Stockholm Conference to Help Achieve the Sustainable Development Goals

By Devendra Lamarajan

NAIROBI (IDN) — An international meeting to drive action towards a healthy planet for the prosperity of all will take place on June 2 and June 3 in Stockholm, Sweden. Participants will be world leaders and representatives from government, business, international organizations, civil society and youth.

The significance of the event comes at a crucial time as the Earth is in emergency mode, and urgent action is needed to address the triple planetary crisis.

Co-hosted by Sweden and Kenya, Stockholm+50 will take place under the theme “a healthy planet for the prosperity of all—our responsibility, our opportunity”.

The two-day meeting will commemorate the 50th anniversary of the United Nations Conference on the Human Environment in Stockholm, which marked a new era of global cooperation.

At the 1972 conference, 113 countries adopted the Stockholm Declaration and Action Plan for the Human Environment, placing environmental issues at the forefront of international concerns. The conference also led to the creation of the UN Environment Programme (UNEP) and began an important dialogue between industrialized and developing countries on the links between the environment, economic growth and human well-being.

Stockholm+50, marks a milestone in our collective journey toward a healthy planet. It offers the opportunity to reflect on, celebrate and build upon 50 years of environmental action, says the UNEP.

The meeting will be organized around plenary segments, three leadership dialogues and side events that will focus on the importance of multilateralism in tackling the triple planetary crisis.

It will also reinforce the outcomes of the fifth UN Environment Assembly, which took place earlier this year in Nairobi, Kenya.

The triple planetary crisis consists of three interlinked issues threatening human and environmental health: climate change, nature and biodiversity loss, and pollution and waste.

The climate crisis is causing more frequent extreme weather events such as storms and droughts, which worsen food and water scarcity. Research shows that to stave off a climate catastrophe, the world must halve annual greenhouse gas emissions by 2030 to reach net-zero by 2050.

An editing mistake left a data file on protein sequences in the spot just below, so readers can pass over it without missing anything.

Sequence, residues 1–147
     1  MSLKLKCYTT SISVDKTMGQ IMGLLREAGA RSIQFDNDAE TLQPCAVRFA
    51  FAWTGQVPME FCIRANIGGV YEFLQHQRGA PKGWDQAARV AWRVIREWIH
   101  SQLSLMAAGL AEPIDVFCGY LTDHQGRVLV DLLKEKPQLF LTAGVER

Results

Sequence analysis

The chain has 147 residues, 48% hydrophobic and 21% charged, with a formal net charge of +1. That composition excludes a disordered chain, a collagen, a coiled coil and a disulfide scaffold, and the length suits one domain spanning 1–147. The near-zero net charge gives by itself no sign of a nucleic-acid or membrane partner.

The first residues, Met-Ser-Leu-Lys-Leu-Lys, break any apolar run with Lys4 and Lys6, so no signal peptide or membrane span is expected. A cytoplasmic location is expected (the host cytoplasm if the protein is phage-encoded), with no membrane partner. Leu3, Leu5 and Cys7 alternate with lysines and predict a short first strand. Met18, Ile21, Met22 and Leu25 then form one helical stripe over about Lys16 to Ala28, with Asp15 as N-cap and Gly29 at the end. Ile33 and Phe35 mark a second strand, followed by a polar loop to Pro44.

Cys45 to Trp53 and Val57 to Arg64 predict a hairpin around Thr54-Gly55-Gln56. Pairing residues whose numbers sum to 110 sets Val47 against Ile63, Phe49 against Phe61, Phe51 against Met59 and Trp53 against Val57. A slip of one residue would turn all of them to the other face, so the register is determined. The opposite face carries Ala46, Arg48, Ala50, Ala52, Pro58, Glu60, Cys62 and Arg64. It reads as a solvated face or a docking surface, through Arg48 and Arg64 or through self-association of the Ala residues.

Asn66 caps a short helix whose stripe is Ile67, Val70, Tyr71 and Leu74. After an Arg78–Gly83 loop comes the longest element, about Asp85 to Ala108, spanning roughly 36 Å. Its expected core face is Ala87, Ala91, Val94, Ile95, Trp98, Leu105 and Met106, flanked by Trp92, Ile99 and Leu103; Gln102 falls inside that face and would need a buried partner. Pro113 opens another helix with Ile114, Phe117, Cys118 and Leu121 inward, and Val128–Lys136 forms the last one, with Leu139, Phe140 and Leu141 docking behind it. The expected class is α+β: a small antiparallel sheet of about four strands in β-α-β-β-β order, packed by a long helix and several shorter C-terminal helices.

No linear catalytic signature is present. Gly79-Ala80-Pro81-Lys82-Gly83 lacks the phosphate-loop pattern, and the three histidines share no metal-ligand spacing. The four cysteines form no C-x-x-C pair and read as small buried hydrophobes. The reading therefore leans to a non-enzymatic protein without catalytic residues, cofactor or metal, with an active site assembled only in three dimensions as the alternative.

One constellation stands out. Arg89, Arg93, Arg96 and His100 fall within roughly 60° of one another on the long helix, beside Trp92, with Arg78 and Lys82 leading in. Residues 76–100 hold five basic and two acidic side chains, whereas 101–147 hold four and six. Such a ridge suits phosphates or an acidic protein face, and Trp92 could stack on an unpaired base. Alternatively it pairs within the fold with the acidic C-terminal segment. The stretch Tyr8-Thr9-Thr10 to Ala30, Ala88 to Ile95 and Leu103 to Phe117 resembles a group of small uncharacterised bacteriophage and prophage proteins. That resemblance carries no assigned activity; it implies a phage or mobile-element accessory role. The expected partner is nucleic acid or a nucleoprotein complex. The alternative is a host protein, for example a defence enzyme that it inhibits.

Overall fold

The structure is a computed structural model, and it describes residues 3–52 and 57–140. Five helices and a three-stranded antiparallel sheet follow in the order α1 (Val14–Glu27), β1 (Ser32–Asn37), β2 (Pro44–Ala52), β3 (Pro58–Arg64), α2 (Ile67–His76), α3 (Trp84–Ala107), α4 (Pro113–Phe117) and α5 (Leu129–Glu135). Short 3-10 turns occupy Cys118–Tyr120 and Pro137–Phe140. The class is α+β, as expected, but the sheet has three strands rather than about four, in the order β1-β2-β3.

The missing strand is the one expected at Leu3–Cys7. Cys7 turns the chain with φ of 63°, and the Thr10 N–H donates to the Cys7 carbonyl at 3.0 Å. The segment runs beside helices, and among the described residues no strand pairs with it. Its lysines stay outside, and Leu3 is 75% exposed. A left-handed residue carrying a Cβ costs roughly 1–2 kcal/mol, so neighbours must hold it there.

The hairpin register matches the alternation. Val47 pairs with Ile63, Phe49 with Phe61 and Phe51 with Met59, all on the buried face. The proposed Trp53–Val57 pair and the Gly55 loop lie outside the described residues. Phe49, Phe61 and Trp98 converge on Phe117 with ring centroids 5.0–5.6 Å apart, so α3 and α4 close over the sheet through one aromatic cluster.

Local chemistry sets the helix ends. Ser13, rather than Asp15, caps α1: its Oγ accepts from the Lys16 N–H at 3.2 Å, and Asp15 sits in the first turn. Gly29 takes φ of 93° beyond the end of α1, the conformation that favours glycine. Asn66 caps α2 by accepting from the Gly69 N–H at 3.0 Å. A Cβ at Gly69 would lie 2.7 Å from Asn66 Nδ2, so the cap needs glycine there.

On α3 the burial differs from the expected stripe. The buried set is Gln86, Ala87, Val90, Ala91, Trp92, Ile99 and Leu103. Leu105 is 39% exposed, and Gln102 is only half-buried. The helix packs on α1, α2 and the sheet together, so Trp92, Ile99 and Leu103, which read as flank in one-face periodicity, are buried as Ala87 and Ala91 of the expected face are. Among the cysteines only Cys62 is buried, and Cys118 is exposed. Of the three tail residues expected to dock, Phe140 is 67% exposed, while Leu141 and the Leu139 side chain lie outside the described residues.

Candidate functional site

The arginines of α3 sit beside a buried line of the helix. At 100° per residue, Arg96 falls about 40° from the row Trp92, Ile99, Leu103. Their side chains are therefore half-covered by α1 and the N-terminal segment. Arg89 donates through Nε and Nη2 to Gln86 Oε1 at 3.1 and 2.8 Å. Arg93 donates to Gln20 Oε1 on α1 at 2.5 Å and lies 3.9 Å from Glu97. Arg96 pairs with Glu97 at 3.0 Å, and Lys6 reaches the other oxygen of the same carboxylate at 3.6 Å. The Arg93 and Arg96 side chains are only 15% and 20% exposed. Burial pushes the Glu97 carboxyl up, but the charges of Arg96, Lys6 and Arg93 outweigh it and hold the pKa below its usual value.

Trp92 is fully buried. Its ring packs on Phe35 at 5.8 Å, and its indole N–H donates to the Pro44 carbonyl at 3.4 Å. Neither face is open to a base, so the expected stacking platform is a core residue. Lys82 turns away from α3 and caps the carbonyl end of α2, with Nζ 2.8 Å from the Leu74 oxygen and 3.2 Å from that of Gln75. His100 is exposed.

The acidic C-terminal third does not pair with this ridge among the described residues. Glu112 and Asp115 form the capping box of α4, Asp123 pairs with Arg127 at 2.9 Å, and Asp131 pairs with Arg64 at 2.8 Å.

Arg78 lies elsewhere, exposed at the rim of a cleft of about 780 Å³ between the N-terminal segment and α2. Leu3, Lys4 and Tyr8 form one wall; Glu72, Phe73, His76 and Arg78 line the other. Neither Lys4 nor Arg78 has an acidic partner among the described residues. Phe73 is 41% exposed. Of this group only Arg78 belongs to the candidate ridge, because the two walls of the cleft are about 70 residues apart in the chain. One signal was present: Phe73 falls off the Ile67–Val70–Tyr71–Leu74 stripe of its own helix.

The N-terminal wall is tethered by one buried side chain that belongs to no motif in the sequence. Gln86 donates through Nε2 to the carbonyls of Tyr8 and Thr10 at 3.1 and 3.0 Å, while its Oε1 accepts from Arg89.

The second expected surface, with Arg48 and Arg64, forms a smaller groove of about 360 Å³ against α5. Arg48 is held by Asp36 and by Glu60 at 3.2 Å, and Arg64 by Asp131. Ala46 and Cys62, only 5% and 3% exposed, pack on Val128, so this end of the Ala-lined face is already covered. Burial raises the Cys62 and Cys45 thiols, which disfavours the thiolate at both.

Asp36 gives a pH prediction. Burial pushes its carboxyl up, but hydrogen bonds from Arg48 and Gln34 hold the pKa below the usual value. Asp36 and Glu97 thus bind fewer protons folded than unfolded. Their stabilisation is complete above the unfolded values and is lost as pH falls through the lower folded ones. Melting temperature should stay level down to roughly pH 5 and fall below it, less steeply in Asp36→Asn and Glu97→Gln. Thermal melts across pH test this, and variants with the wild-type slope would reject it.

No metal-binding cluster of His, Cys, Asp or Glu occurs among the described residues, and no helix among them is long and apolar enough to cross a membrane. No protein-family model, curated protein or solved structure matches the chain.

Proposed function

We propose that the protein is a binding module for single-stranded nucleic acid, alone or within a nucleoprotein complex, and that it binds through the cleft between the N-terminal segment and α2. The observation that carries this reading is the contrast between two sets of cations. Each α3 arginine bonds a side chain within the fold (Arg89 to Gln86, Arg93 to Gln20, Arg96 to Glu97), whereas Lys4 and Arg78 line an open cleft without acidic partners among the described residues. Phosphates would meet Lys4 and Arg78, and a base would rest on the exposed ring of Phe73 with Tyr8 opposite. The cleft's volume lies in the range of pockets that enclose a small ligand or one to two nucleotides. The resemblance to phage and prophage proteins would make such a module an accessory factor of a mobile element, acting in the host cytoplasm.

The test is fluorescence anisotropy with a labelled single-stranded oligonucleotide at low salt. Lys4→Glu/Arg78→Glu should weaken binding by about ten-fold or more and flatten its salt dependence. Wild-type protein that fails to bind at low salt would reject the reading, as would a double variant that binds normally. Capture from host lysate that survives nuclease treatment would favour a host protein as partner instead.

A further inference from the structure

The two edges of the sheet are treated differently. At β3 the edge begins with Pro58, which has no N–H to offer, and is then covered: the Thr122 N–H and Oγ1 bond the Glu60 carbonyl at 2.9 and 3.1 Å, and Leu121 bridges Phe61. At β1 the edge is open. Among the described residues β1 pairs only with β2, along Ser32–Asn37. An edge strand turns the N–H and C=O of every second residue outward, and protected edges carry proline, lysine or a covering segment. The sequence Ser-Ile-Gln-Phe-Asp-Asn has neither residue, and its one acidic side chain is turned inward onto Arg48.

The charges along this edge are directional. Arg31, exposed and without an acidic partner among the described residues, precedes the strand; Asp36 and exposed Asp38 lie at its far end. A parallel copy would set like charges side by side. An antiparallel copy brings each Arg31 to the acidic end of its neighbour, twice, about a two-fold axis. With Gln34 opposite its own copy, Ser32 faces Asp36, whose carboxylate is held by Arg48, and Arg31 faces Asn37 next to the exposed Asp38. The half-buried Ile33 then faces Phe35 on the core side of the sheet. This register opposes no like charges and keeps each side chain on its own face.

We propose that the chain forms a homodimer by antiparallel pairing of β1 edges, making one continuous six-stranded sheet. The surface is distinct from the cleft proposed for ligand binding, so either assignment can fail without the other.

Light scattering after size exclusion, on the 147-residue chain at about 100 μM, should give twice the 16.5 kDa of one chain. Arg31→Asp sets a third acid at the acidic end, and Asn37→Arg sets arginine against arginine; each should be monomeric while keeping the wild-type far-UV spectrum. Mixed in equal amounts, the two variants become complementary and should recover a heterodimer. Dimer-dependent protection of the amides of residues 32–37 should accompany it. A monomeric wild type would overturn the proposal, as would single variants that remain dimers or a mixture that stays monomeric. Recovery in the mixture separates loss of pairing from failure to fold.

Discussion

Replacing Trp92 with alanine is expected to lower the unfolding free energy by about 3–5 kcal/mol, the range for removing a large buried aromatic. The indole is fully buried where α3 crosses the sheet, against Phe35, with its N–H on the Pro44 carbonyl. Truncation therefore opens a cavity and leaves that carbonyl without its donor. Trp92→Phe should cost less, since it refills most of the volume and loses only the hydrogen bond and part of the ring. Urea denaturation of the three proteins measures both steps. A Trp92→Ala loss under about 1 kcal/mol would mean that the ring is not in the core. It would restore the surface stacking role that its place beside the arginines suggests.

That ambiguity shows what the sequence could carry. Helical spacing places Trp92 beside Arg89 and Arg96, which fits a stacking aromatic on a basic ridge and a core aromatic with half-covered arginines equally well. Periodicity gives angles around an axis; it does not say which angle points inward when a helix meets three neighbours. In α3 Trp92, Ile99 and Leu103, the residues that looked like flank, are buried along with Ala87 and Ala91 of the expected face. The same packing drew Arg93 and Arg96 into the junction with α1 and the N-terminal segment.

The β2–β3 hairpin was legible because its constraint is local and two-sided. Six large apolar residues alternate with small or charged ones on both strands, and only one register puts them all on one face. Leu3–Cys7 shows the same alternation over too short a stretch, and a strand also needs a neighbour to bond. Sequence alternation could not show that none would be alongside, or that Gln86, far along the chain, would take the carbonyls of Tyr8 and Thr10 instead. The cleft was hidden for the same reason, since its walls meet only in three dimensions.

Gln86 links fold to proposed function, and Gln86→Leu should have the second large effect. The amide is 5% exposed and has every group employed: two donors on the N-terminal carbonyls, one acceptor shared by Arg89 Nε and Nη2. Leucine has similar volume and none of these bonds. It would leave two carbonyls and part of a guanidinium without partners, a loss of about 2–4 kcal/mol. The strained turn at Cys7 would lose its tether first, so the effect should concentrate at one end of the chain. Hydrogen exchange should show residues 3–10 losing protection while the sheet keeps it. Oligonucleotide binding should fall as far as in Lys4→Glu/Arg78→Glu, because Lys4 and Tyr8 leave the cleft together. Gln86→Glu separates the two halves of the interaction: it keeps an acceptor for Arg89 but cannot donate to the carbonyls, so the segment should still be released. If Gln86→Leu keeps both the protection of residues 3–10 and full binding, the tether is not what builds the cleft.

Human activities have modified 77 per cent of land (excluding Antarctica) and 87 per cent of the ocean. More than 2 billion hectares of land is degraded due to overuse or mismanagement. and one million species face extinction.

Air pollution, the greatest environmental threat to public health globally, accounts for an estimated 7 million premature deaths every year. 11 million metric tons of plastic waste enter our ocean every year. At the same time, we produce 50 million tons of e-waste.

Stockholm+50 will help accelerate the implementation of the 2030 Agenda and the Sustainable Development Goals to achieve a healthy planet – which is essential for social and economic progress, well-being, and resilience.

By gathering a broad set of stakeholders from all around the world, the meeting will emphasize the importance of a multi-actor, multi-sector approach to addressing environmental issues and embody the importance of collaborative action. Stockholm+50 also highlights our intergenerational responsibility to protect the Earth and ensure that life support systems are available to all.

For 50 years, the world has come together to confront the planet’s biggest environmental challenges, from eradicating the production of leaded fuel to protecting more than 38,000 species and mending the hole in the ozone layer. This global cooperation has restricted the international trade in mercury, banned hazardous chemicals and reduced renewable energy prices.

But 50 years on, the need to accelerate action for the environment, poverty alleviation and human rights is more urgent than ever.

Stockholm+50 provides a unique opportunity to be another turning point and steer humanity back on the path to a healthy planet and the prosperity of all. [IDN-InDepthNews – 28 May 2022]

Photo: Former Prime Minister of India, Mrs. Indira Gandhi, addresses the 1972 Stockholm Conference. Credit: UN Photo/Yutaka Nagata.

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